Viral

This optical illusion could show you're a genius

Picture:
Picture:
Nobuyuki Kayahara

There's more to this optical illusion than meets the eye.

New research suggests that the well known "spinning woman" illusion doesn't actually reveal if you have a left or right brain.

But first, some (recent) history: The "spinning woman" was a gif created by Flash artist Nobuyuki Kayahara in 2003.

Picture:Picture:

Since the era of the viral image began, it's been seen be millions of people.

The image is usually accompanied by a paragraph that says something to the affect of: 'The direction the woman appears to be rotating determines whether or not the observer has a left or right brain.'

Speaking to Tonic, scientists Arthur Shapiro and Niko Troje explained how the "illusion" is better explained in terms of perception.

Shapiro, a computer scientist at American University, District of Colombia is also the creator of the colour wagon wheel illusion, and Troje is the director of the BioMotion Lab at Queens University, Kingston Ontario.

The pair decided to dissect the image in the upcoming Oxford Compendium of Visual Illusions.

Because of their work, they explained that the 'left vs right' brain idea is "just gibberish".

According to Shapiro and Troje, humans tend choose a viewpoint from above, and therefore most people see the woman rotating clockwise.

He and Troje explain that the spinning woman is a classified as a "reversible image" type of optical illusion, meaning she can be seen doing what appears to be the opposite, almost simultaneously.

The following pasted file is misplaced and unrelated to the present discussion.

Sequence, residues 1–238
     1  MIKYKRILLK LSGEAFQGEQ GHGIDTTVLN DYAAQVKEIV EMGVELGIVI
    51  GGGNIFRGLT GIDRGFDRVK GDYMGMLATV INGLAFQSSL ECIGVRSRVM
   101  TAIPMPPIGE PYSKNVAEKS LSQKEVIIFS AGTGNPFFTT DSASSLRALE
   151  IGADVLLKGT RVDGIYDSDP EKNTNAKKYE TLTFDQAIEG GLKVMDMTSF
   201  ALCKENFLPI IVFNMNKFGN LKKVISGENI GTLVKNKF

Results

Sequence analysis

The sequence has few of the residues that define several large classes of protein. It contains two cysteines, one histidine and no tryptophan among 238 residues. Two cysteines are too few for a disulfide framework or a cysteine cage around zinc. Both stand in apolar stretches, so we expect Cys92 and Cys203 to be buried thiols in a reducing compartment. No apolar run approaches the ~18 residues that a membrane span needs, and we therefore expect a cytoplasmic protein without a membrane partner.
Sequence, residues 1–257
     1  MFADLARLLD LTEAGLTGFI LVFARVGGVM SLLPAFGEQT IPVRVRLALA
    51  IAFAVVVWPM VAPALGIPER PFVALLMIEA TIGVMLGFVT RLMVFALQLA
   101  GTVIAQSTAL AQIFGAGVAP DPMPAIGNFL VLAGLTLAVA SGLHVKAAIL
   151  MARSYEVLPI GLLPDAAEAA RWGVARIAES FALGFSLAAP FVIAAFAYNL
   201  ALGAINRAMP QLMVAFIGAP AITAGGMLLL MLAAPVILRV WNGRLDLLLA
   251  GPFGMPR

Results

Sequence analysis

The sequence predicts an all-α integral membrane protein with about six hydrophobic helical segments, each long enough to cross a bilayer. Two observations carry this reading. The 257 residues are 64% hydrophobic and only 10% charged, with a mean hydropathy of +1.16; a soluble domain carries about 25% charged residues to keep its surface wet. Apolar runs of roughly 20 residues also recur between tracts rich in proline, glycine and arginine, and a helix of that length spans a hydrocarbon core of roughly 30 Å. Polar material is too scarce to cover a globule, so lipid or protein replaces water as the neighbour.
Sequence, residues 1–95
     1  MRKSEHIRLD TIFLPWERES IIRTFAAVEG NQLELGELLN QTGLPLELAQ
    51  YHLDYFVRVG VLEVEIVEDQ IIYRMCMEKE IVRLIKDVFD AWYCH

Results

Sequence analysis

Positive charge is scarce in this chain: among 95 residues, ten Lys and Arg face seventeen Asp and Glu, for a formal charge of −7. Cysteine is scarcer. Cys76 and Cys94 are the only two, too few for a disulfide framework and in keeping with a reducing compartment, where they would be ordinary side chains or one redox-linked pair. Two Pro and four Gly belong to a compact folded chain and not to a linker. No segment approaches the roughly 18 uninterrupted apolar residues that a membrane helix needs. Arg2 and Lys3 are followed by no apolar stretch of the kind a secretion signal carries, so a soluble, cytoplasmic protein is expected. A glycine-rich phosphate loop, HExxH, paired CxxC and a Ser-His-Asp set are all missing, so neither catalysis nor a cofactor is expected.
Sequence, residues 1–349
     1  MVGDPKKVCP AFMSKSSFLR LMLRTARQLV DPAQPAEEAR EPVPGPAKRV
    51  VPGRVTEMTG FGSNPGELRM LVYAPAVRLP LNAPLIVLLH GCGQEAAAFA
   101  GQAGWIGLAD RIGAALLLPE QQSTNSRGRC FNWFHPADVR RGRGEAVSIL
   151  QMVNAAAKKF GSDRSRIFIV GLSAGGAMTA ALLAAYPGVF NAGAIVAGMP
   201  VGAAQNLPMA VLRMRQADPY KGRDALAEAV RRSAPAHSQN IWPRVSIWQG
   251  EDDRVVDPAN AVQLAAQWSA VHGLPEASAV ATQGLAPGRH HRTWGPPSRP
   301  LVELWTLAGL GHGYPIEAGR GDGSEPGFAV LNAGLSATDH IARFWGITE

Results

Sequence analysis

For instance, the Necker cube, which observers can also perceive from either above or below.

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Troje explained that reversible objects are intentionally ambiguous, and purposefully avoid giving indicators for working out depth.

Humans brains don't care for this, so they impose order and rules where none exist.

This is about survival. Images and movement are processed by the left and right brain hemispheres, but also by the subcortical system, which deals with fear, panic, and rage.

Shapiro explains the advantage of this early warning system, such as recognising a snake stretched out on the ground of a dark path.

He and Troje believe this primeval instinct could be why most humans assume they are seeing optical illusions, like the spinning woman, from above.

Our brains are hard wired to see danger and expect predators to attack from below us, so when we're without information, viewing from above is our default.

As such, the woman appears to rotate clockwise.

In order to see her change direction, Shapiro recommends covering her foot with your hand and focusing on the shadow.

Then by imagining you can see the woman from above or below, it's easy to see her "change direction".

If you can see her change directions without doing that, you may well be a genius.

HT Tonic

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